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JANM Receives $564,837 from the National Parks Service JACS Grants Program

LOS ANGELES, CA – The Japanese American National Museum (JANM) has received two grants totalling $564,837 from the National Parks Service’s Japanese American Confinement Sites (JACS) Grant Program.

A grant of $414,663 will conserve, reimagine, and protect the Heart Mountain barracks as the centerpiece of the Museum’s new core exhibition, the nation’s largest and most comprehensive exhibition devoted to the Japanese American community’s experience from immigration, through their incarceration during World War II to the present. The barracks—an entryway and introduction to the Museum’s exhibitions—will be reimagined to evoke the emotional experience of wartime incarceration and integrate the exhibition’s educational and interpretive resources. 

A grant of  $150,174 will support the creation of a documentary film about the impact of the Santa Anita temporary detention center on Nobuko Miyamoto, a cultural treasure, artist, performer, and activist. The film from JANM’s Watase Media Arts Center will offer—for the first time—a record of conditions at Santa Anita, providing a first-hand account of what a Japanese American family encountered during their imprisonment there. It will also offer a greater understanding of the role that local American facilities played in the Japanese American incarceration. By telling the life story of one extraordinary Japanese American woman and her family, this documentary film will demonstrate the power that the wartime incarceration had to spark creativity and empathy in survivors’ lives. In turn, the power of art—found in Nobuko’s life’s work and in the documentary itself—creates an opportunity to introduce new audiences to the work of this remarkable woman, to the important, and often overlooked site of Santa Anita, and to a new interpretation of the legacy that Santa Anita has had for the Japanese American community.

“These grants give us the opportunity to present the Heart Mountain concentration camp barracks to visitors in new ways and use the power of art to dig into the important and often unrecorded role that everyday urban structures played in the World War II imprisonment of Japanese Americans, including how survivors like Nobuko used those indelible experiences to create works of art and fight for social justice into today. This documentary gives us an opportunity to showcase her life and accomplishments as a dancer, writer, singer, and folklorist. It also is an opportunity to show how art has been a powerful thread that has connected her incarceration at Santa Anita with the civil rights movement, the Asian American movement, and the present. By exploring multimodal ways that histories intersect with one another we can tell comprehensive, engaging, and personal stories that bear an enormous weight of history,” said Ann Burroughs, President and CEO of JANM.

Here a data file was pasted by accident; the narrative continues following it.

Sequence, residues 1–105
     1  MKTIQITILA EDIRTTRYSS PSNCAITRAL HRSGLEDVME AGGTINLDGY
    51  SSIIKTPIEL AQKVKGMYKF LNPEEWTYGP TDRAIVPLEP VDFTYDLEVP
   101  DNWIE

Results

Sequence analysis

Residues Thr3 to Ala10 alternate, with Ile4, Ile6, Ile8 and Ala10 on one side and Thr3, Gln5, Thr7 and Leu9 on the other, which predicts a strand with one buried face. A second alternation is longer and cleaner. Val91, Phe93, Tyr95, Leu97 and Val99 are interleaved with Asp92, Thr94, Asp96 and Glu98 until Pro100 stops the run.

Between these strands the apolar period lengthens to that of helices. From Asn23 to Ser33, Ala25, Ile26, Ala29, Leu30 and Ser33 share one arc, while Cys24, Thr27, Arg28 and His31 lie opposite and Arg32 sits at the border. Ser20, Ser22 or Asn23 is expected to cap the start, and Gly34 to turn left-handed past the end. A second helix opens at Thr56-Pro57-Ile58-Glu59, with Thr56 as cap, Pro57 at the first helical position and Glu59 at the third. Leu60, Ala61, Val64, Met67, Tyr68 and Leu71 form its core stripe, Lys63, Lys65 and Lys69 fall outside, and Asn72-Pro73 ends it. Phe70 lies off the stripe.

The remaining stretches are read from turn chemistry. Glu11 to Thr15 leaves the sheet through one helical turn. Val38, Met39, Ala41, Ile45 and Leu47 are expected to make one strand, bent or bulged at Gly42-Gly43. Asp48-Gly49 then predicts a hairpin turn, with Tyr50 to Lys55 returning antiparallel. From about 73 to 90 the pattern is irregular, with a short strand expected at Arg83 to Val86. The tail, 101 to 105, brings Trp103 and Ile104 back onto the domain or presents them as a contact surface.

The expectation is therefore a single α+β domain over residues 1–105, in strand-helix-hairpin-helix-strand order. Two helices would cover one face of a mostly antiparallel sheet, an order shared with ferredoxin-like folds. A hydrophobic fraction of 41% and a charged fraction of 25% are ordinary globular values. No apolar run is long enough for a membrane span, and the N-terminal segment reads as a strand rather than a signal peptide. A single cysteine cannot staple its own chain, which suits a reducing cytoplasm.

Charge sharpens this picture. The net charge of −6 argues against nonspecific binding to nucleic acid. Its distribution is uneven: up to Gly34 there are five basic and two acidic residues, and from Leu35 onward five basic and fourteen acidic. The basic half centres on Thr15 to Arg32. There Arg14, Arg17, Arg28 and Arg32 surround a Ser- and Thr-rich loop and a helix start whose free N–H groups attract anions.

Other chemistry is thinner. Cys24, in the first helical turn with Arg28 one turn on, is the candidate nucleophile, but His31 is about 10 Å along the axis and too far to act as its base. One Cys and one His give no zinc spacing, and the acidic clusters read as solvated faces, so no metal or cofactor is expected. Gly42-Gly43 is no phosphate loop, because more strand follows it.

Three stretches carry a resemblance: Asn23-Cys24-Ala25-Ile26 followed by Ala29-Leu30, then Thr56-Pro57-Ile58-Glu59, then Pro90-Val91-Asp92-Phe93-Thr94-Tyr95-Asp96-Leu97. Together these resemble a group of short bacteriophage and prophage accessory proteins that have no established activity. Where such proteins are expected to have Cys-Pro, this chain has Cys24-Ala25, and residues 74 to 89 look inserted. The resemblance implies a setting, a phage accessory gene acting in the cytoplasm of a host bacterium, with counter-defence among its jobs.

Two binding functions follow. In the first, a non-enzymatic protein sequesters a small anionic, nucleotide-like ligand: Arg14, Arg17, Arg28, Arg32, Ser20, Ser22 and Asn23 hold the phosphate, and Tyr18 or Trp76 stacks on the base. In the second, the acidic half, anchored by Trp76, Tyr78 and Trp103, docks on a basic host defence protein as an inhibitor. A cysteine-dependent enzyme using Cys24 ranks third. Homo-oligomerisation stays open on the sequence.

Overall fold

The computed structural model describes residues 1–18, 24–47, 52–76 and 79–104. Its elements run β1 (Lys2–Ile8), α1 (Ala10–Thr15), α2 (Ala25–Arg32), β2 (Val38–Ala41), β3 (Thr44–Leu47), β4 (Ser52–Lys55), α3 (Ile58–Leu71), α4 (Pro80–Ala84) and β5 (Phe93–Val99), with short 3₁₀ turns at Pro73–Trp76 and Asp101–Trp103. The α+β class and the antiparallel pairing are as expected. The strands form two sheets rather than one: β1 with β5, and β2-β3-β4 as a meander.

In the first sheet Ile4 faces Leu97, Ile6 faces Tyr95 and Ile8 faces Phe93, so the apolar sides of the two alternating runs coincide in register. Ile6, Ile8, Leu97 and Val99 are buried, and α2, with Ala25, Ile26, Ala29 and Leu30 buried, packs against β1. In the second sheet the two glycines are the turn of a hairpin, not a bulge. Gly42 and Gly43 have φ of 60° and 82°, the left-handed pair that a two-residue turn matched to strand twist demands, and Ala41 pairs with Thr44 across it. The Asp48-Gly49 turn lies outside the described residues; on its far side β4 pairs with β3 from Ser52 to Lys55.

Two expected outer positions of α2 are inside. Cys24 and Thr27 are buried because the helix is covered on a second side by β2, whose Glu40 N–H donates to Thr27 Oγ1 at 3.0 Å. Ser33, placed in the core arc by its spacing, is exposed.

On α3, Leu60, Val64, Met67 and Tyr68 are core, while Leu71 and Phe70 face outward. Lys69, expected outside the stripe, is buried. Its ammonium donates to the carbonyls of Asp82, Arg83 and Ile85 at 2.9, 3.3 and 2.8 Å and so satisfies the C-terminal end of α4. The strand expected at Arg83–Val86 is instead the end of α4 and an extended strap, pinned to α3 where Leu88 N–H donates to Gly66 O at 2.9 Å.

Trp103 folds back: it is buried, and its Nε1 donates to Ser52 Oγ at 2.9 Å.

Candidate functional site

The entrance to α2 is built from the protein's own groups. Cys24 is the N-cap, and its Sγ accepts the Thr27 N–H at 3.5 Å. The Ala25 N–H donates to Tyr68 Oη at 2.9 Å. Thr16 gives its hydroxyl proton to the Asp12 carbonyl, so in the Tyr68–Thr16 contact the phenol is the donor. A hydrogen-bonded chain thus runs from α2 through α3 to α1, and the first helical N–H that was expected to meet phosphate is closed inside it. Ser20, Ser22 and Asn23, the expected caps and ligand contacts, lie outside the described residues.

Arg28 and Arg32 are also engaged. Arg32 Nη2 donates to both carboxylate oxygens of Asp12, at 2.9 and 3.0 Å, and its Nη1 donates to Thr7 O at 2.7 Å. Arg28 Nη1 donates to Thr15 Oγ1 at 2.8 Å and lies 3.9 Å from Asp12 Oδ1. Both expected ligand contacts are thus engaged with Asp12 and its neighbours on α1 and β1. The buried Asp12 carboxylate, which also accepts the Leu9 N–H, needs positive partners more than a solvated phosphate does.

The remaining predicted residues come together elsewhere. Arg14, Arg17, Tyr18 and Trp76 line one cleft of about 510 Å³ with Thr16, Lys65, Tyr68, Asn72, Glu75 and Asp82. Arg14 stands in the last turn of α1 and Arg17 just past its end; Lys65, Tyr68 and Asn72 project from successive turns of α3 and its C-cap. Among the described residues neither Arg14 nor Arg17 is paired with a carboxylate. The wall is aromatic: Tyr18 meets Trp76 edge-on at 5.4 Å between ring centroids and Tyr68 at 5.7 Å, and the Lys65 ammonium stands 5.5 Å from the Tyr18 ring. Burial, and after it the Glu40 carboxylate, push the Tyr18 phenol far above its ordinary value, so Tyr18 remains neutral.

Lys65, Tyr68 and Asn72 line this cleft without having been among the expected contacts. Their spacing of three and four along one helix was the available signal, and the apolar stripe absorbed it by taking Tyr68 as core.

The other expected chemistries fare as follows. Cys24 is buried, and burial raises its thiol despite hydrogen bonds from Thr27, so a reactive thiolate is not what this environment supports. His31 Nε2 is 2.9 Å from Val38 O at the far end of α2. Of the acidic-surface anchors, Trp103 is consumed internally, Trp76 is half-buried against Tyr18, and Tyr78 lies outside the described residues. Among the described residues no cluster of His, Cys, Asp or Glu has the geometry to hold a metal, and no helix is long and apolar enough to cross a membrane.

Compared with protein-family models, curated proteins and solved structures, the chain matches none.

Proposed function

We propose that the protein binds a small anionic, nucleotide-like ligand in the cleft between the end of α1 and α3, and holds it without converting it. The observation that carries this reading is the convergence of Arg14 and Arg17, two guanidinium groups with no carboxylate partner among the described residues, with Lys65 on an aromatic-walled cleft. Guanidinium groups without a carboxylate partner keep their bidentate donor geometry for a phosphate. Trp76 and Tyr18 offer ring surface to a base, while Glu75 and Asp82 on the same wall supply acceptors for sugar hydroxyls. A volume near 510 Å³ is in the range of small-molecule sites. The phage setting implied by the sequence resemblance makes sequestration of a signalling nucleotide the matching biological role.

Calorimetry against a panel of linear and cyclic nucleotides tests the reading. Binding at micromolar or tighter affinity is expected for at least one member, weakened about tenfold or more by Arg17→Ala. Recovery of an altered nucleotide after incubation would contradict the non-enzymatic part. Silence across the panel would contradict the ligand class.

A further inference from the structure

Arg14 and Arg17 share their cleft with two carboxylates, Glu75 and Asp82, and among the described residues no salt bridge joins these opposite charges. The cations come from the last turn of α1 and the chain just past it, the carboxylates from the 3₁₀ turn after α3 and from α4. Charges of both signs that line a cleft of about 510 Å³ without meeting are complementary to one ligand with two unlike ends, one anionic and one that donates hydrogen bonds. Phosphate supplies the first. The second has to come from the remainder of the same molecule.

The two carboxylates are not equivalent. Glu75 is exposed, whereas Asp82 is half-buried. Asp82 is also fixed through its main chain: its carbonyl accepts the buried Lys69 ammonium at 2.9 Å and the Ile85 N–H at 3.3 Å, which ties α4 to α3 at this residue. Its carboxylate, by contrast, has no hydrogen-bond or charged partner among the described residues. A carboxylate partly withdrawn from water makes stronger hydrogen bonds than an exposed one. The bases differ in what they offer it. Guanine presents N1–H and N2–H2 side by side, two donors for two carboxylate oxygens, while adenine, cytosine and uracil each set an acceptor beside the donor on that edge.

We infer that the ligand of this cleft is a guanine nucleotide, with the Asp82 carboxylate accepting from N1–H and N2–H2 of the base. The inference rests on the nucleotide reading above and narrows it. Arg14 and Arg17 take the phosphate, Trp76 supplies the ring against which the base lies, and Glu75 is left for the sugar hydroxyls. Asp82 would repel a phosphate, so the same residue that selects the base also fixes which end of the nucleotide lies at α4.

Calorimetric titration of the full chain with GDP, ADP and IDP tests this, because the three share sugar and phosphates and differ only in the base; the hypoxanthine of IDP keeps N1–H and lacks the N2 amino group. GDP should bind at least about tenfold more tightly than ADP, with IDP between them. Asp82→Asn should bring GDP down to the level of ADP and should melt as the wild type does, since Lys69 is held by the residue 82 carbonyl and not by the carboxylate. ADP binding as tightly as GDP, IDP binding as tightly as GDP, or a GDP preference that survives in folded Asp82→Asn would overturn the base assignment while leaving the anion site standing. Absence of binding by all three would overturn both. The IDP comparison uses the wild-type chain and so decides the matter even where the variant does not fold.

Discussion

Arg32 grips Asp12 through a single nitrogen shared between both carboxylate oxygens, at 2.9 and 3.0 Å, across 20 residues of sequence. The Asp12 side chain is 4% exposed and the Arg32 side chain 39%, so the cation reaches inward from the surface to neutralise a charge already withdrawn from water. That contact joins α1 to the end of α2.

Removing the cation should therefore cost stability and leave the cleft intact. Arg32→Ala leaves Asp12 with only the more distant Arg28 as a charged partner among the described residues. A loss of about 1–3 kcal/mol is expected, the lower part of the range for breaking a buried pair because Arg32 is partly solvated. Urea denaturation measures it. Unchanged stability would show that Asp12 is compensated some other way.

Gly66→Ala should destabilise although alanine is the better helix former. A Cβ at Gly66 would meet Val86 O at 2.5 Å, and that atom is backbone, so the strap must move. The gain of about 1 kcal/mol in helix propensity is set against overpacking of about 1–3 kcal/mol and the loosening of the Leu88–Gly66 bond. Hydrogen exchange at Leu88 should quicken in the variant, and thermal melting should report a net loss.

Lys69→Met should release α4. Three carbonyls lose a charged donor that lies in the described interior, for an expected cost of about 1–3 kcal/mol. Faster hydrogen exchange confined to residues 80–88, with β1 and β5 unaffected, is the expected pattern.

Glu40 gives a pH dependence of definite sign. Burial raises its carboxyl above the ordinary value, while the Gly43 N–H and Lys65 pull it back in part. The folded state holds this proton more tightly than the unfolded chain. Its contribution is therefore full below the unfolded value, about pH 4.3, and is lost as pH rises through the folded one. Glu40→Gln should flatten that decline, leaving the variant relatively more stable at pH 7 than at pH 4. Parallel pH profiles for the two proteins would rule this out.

About the Japanese American National Museum (JANM)

Established in 1985, JANM promotes understanding and appreciation of America’s ethnic and cultural diversity by sharing the Japanese American experience. Located in the historic Little Tokyo district of downtown Los Angeles, JANM is a hybrid institution that straddles traditional museum categories and strives to provide a voice for Japanese Americans as well as a forum that enables all people to explore their own heritage and culture. Since opening to the public in 1992, JANM has presented over 70 exhibitions onsite while traveling 17 exhibits to venues such as the Smithsonian Institution and the Ellis Island Museum in the United States, and to several leading cultural museums in Japan and South America. JANM is open on Tuesday, Wednesday, and Friday–Sunday from 11 a.m.–5 p.m. and on Thursday from 12 p.m.–8 p.m. JANM is free every third Thursday of the month. On all other Thursdays, JANM is free from 5 p.m.–8 p.m. For more information, visit or follow us on social media @jamuseum.

About the Frank H. Watase Media Arts Center

The award-winning Frank H. Watase Media Arts Center produces documentaries, exhibition media, and video life histories in support of the mission and work of JANM. The Media Arts Center is committed to promoting thoughtful exploration, understanding and appreciation of America’s pluralistic society through an innovative program of media documentation and preservation, production and presentation.